An alternative rule would not train quite so tightly to

the training set, but would still use the basic principle of

if you have a high number of capital letters then your

spam message, and so this rule might look something like this.

If you're above 2.40, your cap, your spam message, if

you're less than or equal to 2.40, then you're nonspam message.

So this rule on the training set would then miss that one value.

In other words, you could have a prediction of nonspam for that one

spam message that was just a little bit lower in our training set.

So overall, this looks like in that training set that the accuracy is

a little bit lower for this rule, and it's a little bit more simplistic.

So then we can apply it to all the spam data.

In other words apply it to all the values, not just the values that we

had in the small training set, and these are the results that you would get.

So this is a table of our predictions on the

the rows here, and in the columns that's the actual values.

And so you can see the number of errors that we make are the

errors here that are on the off-diagonal

elements of this little matrix that we created.

So those are the number of errors that we made, made.

And so what we can look at is that we can actually look

at the average number of times that were right using our more complicated rules.

So this is just the sum of the times that our

prediction is equal to the actual value in the spam data set.

And so that happens 3,366 times in this data set.

And then we could also look at the

more simplified rule, the rule where we just used

a threshold, and also look at the number of

times that that's equal to the real spam type.

And you can see about 30 more times, we actually

get the right answer when we use this more simplified rule.

So, what's the reason that the simplified rule

actually does better than the more complicated rule?

And the reason why is over fitting.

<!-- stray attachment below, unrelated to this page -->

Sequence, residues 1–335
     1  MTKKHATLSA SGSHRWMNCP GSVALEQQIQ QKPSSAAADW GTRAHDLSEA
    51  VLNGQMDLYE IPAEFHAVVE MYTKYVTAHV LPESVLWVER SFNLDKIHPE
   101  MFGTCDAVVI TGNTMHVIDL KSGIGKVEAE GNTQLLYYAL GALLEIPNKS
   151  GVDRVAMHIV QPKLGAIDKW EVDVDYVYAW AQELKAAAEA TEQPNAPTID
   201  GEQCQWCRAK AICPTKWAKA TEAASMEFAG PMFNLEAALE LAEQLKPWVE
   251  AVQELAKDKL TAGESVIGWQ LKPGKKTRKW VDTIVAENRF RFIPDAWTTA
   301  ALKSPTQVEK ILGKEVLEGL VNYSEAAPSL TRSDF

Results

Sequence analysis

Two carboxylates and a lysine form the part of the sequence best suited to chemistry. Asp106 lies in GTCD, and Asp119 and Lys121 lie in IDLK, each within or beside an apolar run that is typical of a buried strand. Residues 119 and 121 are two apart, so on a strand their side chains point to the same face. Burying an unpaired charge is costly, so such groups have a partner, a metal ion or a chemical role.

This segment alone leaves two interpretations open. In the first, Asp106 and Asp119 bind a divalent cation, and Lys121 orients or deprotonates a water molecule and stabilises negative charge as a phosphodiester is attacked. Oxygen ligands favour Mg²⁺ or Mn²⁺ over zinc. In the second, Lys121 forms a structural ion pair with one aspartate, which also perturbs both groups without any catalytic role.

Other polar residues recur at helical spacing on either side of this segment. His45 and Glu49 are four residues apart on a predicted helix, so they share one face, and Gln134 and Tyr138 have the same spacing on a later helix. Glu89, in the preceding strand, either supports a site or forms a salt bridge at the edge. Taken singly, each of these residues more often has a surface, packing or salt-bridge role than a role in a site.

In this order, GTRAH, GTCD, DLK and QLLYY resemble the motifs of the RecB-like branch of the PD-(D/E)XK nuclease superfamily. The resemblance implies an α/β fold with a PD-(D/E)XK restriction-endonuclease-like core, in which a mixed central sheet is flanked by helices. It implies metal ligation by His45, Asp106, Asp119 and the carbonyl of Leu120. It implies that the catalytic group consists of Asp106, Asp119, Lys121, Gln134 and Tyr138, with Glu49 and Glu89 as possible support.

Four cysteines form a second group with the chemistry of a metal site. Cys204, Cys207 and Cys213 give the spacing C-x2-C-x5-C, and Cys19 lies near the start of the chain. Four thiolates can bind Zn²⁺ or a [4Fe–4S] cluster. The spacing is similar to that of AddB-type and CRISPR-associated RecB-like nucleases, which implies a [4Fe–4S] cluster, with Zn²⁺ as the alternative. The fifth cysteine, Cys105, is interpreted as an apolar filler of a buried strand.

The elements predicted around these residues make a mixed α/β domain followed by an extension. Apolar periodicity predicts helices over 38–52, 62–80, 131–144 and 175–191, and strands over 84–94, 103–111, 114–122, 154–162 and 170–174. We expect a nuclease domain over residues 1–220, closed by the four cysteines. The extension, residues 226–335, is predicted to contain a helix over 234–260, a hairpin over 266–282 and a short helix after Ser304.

So, in every data set we have two parts, we have

the signal component, that's the part we're trying to use to predict.

And then we have noise, so that's just random variation in

the dataset that we get, because the data are measured noisily.

And so the goal of a predictor is to find a signal and ignore the noise.

And in any small dataset, you can always build a

perfect in-sample predictor just like we did with that spam dataset.

You can always carve up the prediction space in this, in this

small data set, to capture every single quirk of that data set.

But when you do that, you capture both the signal and the noise.

So for example, in that training set there was one stem value

that has slightly lower capital average than some of the non-span values.

But that was just because we randomly picked a data

set where that was true, where that value was low.

So that predictor won't necessarily perform as well on new samples,

because we've tuned it too tightly to the observed training set.

So, this lecture has two purposed.

One is to introduce you to the idea of in sample and out of sample errors.

In-sample errors are errors on the trainings that

we actually built with, and out of sample

errors are the errors on the data set

that wasn't used to build the training predictor.

And also we introduced to you this idea of over fitting.

In that we want to build models that are simple and robust enough that

they don't actually capture the noise, while they do capture all of the signal.